By Pierce Jaffri
Baltimore Watchdog Staff Writer
U.S. Rep. Donna Edwards has kicked off a statewide tour of universities and colleges as she tries to gain the support of young people who are seen as critical to her campaign for the U.S. Senate.
Edwards, who is facing off against fellow Democrat U.S. Rep. Chris Van Hollen in the April 26 primary, has already visited Towson University and the University of Maryland at Baltimore and visited Johns Hopkins University on Wednesday.
“I think Donna has firsthand experience with some of the challenges that young people face, particularly around student debt,” said Ben Gerdes, who is the communications director of the Edwards Senate campaign. “It is important to her and this campaign to get around the state to as many colleges and universities as possible to talk about some of the important issues facing young people and, you know, it’s critical that we engage them early.”
A group of about 50 people attended Edwards’ Oct. 15 visit to Towson, including students and professors who gathered in a classroom to hear her speak. She answered a variety of questions ranging from student loan debt, climate change and the wage gap between men and women.
She said she supports lowering the price of college tuition, policies that will combat climate change and policies that will ensure that men and women of equal work receive equal pay.
“I think it’s really important for young people to be fully engaged in our politics and our policy,” Edwards said. “Everything we do today impacts them in the future.”
Emily Baker, a co-president of Towson College Democrats, said she was not a fan of Edwards until she heard her speak during her visit to Towson’s campus.
“I was actually really impressed by her,” Baker said. “I really like that she took the time to come. She seemed really engaged as to what we had to say instead of dodging around questions we were asking.”
Edwards and Van Hollen are seeking to fill the seat that has been held by Sen. Barbara Mikulski since 1987. Mikulski announced in March that she would not be seeking reelection to a sixth term.
Edwards has represented Maryland’s Fourth District in the U.S. House of Representatives since 2008 and is a member of the Transportation and Infrastructure Committee; the Science, Space and Technology Committee; and she also serves as co-chair of the Steering and Policy Committee.
Van Hollen has represented the state’s Eighth District since 2003. He is the former chairman of the Democratic Congressional Campaign Committee and is currently the top Democrat on the House Budget Committee.
An August Washington Post article reported that Van Hollen “enjoys robust support from state party leaders and deep ties to voter-rich districts in Montgomery County and Edwards’s backyard in Prince George’s County.”
Van Hollen has also outraised Edwards in the financial realm. According to campaign financial forms submitted to the Federal Elections Commission, Van Hollen raised $950,000 in the third quarter and has $4.1 million cash on hand, while Edwards raised $638,525 in the third quarter and has $368,507 cash on hand.
In the long-term, votes are the most valuable asset to both candidates. According to the Maryland Higher Education Commission listing, Maryland is home to 14 public colleges and universities, 21 community college campuses, 26 four-year independent colleges and universities, two 2-year independent colleges and eight regional higher education centers, which entails a large amount of youth voters.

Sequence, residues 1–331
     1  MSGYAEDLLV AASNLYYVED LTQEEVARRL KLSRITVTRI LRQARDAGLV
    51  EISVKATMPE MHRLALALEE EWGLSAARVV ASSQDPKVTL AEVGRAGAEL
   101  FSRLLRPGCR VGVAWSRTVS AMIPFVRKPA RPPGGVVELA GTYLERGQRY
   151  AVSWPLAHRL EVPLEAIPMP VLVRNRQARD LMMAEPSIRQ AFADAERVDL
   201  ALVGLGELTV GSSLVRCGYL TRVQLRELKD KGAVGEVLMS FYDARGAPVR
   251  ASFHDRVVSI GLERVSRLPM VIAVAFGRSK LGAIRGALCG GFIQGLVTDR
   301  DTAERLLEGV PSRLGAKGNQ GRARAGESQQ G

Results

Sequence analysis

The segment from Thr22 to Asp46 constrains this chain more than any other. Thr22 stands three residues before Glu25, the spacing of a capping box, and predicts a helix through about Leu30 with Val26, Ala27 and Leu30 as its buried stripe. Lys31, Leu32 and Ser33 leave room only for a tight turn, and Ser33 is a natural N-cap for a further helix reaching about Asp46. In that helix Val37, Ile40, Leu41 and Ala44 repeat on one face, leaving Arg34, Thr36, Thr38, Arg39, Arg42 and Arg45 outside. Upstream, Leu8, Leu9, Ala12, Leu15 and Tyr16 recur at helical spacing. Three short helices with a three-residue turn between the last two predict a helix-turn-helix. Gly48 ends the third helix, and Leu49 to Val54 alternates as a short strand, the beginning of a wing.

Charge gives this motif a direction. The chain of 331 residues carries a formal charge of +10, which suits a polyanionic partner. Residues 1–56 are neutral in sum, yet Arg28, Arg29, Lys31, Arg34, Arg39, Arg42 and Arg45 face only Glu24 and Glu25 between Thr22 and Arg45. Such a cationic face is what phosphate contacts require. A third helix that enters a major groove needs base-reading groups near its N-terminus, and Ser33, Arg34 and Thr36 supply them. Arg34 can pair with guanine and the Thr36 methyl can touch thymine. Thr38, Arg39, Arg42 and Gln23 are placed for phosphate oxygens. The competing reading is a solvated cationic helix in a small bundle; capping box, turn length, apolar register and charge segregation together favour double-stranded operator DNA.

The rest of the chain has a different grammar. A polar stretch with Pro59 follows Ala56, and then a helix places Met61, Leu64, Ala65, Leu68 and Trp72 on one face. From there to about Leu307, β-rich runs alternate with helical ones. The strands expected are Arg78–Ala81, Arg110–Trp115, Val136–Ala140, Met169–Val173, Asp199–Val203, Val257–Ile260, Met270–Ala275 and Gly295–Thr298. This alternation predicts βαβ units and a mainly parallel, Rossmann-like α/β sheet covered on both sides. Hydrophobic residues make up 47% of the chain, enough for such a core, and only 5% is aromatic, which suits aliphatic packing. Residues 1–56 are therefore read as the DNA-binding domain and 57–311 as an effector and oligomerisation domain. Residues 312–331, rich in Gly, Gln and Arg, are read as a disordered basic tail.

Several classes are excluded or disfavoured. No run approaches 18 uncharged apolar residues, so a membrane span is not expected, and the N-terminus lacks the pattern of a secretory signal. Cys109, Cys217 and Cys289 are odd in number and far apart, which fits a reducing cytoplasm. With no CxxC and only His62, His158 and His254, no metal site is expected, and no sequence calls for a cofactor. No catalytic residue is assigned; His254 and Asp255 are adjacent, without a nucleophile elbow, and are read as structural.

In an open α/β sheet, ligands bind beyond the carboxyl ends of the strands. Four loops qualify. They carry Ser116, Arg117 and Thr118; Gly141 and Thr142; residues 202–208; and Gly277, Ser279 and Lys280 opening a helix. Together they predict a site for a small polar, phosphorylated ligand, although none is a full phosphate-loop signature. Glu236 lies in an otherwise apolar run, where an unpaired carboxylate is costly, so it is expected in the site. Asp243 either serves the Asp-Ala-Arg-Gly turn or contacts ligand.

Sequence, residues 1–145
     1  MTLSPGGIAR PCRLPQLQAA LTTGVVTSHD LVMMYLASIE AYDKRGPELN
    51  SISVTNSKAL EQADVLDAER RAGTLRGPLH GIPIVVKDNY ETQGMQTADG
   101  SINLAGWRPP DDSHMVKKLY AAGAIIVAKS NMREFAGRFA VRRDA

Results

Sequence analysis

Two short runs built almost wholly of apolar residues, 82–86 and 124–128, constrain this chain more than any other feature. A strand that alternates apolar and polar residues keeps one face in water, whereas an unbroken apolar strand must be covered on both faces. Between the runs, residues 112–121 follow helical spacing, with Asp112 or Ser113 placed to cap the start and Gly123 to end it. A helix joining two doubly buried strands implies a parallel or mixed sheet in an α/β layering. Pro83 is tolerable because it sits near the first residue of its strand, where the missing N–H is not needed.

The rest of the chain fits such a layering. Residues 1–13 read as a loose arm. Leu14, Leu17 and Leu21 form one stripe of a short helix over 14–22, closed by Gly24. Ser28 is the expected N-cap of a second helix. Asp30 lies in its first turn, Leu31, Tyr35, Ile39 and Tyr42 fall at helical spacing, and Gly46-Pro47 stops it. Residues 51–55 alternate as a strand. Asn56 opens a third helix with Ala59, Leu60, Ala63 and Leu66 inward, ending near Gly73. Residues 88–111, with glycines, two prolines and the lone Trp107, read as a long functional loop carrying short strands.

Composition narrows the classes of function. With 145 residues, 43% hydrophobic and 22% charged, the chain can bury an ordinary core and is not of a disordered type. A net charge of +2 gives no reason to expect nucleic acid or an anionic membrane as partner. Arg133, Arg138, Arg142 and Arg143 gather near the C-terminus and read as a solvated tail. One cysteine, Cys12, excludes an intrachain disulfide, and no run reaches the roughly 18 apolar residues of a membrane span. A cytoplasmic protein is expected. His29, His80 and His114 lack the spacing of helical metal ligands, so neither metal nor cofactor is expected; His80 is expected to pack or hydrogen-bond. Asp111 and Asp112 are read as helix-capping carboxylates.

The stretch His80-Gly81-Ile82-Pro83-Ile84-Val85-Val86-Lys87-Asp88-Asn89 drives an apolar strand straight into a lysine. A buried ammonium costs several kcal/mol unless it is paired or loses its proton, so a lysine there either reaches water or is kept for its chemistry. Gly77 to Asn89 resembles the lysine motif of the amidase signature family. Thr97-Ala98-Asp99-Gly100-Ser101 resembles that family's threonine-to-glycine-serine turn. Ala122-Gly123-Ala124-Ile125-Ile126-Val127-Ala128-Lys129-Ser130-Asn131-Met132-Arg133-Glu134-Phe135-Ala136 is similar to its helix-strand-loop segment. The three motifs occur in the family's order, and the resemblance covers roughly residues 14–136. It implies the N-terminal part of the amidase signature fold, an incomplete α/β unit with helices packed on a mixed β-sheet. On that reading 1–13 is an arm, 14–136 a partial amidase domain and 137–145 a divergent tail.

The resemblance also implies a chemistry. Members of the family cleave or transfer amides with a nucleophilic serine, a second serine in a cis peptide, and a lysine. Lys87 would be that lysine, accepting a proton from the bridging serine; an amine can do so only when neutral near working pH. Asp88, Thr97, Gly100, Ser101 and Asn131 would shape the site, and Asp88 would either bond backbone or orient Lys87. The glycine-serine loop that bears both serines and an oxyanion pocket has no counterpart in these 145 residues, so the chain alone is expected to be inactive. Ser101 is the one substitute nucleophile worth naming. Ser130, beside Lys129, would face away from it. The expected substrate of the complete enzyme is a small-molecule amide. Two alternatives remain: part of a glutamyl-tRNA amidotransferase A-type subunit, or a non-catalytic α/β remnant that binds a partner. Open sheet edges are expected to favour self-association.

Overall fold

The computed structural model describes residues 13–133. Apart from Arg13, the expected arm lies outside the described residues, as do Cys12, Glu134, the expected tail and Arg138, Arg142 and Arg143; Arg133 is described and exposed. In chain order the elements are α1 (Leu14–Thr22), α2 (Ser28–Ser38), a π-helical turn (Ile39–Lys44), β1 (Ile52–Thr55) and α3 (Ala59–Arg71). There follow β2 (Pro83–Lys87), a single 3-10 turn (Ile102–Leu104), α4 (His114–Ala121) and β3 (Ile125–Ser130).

As a result, the campaigns of both Edwards and Van Hollen have made efforts to involve college students in their campaigns through a range of volunteer positions and internships.
In the past, the youth vote – or lack thereof – has played a significant role in elections. A 2012 Politico article reported that an analysis conducted by the Center for Research and Information on Civic Learning and Engagement at Tufts University found that President Obama won at least 61 percent of the youth votes in the states of Florida, Pennsylvania, Virginia and Ohio, with each of those states having had the potential to be won by Republican presidential nominee Mitt Romney if he would have gathered a 50-50 split of the youth vote.
Tishan Weerasooriya, a co-president of the College Democrats of Maryland, said he believes it is important that both the Edwards and Van Hollen campaigns engage youth in the election process if they want to gain support from a large part of the Maryland electorate.
“The youth will play a crucial role in the upcoming elections,” Weerasooriya said. “A lot of issues that we are now facing, such as college affordability and criminal justice reform, center on youth. Such issues are very pertinent to young voters and this is something I think young people will realize and will galvanize them toward being involved and actually going out to the polls.”
An October Washington Post-University of Maryland poll showed Edwards leading Van Hollen 38 percent to 28 percent without the candidacy of U.S. Rep. Elijah Cummings, whose name has been mentioned as a possible late entrant into the senate race.
With the April 26 Democratic primary approaching, Edwards’ campaign is trying to visit as many campuses as possible to secure the youth vote.
According to Gerdes, the campaign aims to visit as many universities and colleges in Maryland as possible, with campus visit dates still tentative.